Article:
After only a few episodes into The Faraway Paladin, I was already convinced it would be one of the best anime of the season, if not the year (for its genre). The world building in what could have easily been a stereotypical isekai blew all other competition out of the water, and had me hopeful we’d continue on that trend through the season. Unfortunately, I learned all too soon that the people and place I had come to love were mere groundwork for the story to come, one that would be far inferior to the legends who paved the path.
I know my opening paragraph is pretty negative in terms of my view towards this show, given that the backstory lasts almost half of the season at five episodes. That souring opinion stems from a follow-up arc so disappointing and lackluster in originality that it almost made me drop the show despite loving the beginning so much.
That start gave our protagonist an unconventional family as a re-do from his previous life; he’s discovered as an abandoned infant in a land devoid of humans and overrun with demons. His saviors are three undead: a skeleton warrior, a zombie nun, and a spectral wizard. Together, these former heroes who sacrificed themselves centuries past to save humanity, form a parental unit more fulfilling than I could have imagined. From the warrior, Will learns how to defend himself, fight, and perhaps more importantly have confidence in his strengths and the fortitude to improve his weaknesses. From the nun, he inherits unwavering devotion and meditation–from the wizard, magic creativity in the face of the most difficult foes. I didn’t want their time together to end, and for perhaps a new adventure to begin as he came of age and they took him out into the world.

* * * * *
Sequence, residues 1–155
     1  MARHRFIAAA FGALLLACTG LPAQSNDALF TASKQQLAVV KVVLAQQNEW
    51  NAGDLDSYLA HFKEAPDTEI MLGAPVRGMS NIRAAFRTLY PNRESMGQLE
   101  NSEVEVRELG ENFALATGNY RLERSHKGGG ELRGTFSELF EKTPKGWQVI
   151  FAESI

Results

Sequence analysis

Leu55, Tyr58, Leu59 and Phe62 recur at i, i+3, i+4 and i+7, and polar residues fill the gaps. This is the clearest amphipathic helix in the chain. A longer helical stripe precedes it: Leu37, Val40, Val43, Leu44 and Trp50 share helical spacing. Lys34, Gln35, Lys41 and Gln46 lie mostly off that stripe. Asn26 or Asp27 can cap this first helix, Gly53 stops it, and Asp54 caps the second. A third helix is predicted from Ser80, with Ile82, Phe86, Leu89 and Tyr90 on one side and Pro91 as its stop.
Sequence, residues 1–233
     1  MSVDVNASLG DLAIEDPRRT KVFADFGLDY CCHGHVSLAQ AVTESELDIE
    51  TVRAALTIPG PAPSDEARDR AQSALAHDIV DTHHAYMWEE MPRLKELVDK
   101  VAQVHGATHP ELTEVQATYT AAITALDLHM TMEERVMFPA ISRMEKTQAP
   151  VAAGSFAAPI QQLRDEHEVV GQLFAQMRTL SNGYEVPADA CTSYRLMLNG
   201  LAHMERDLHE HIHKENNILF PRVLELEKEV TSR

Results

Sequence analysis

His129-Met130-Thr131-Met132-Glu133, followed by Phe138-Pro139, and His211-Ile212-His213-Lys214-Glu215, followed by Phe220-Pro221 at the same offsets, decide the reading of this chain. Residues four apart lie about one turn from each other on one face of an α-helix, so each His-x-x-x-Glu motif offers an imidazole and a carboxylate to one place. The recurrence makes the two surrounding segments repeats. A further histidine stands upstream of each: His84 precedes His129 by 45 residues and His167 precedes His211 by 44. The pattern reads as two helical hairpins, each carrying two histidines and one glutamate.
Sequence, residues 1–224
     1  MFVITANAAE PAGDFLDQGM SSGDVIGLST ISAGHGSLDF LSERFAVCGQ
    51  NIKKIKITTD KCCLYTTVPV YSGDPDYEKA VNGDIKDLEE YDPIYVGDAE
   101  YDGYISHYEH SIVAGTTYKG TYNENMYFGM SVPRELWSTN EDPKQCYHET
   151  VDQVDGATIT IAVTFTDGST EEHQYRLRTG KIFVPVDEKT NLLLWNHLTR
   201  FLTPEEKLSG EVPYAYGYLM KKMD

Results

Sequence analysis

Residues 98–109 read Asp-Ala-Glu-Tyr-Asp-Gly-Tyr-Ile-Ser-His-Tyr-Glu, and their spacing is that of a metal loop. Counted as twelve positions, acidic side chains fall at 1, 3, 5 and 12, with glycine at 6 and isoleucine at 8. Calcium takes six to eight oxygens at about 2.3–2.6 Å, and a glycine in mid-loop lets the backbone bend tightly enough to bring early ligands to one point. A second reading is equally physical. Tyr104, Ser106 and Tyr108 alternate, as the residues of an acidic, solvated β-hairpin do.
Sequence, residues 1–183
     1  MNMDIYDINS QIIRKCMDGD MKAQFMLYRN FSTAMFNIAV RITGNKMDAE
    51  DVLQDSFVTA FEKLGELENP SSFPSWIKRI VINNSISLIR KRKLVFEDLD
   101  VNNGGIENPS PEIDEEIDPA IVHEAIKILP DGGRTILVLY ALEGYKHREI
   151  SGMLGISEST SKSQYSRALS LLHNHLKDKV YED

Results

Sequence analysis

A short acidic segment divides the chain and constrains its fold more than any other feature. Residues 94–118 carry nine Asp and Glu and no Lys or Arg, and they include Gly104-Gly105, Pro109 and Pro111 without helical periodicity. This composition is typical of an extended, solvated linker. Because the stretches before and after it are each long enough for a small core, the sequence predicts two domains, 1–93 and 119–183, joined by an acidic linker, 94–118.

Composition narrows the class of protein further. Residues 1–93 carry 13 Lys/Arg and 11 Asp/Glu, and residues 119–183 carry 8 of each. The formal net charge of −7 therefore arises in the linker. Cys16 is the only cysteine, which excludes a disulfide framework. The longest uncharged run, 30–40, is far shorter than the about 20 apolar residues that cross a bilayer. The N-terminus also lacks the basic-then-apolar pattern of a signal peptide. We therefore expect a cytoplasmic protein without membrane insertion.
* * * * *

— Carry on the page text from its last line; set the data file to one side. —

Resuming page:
Unfortunately, all things must come to an end, and when it does for this “peaceful” life, Will ends up alone once more. This time, he carries with him not only the memories and lessons of his family but also the blessings of his patron goddess–a blessing that compels him to seek out wrongs to right and bring lightness to dark. The order is a tall one, and I expected us to charge straight into another fantastic story, but that isn’t what happened. We sauntered into a far less interesting narrative involving a hostile elf and the first humans Will had seen since his previous life. In true Will form, he’s eager to make new friends and create his own party reminiscent of his mentors’; reality turns out to not be so friendly.
While it was nice to see our protagonist moving on and not letting his grief hold him back from seeking others, I can’t help but feel this entire next arc lost almost all of the momentum built up from the beginning. The new characters lacked, well, character, and Will turned out to be another overpowered lead, regardless of us knowing how hard he worked to get there. After all the emotions of gaining and losing his family, it was difficult to feel any attachment to this new setting and cast.
Thankfully, the following story arcs pick up a bit of energy and we see Will struggle once more against not only his enemies, but his own shortcomings. The hits never land as high as the initial arc, but they do save the show from being my biggest disappointment of the fall. We’re set up into the perfect position for a sequel that has already been announced, and I’ll be there when it airs in hopes of it continuing the upward climb. If the next journey can capture a hint of the joy I felt at the beginning, then we’re already headed great places.
Rating: 1 dango
- 0 dango – average and forgettable.
- 1 dango – very good in its category.
- 2 dango – excellent show that is worth a try.
- 3 dango – exceptional show one must watch.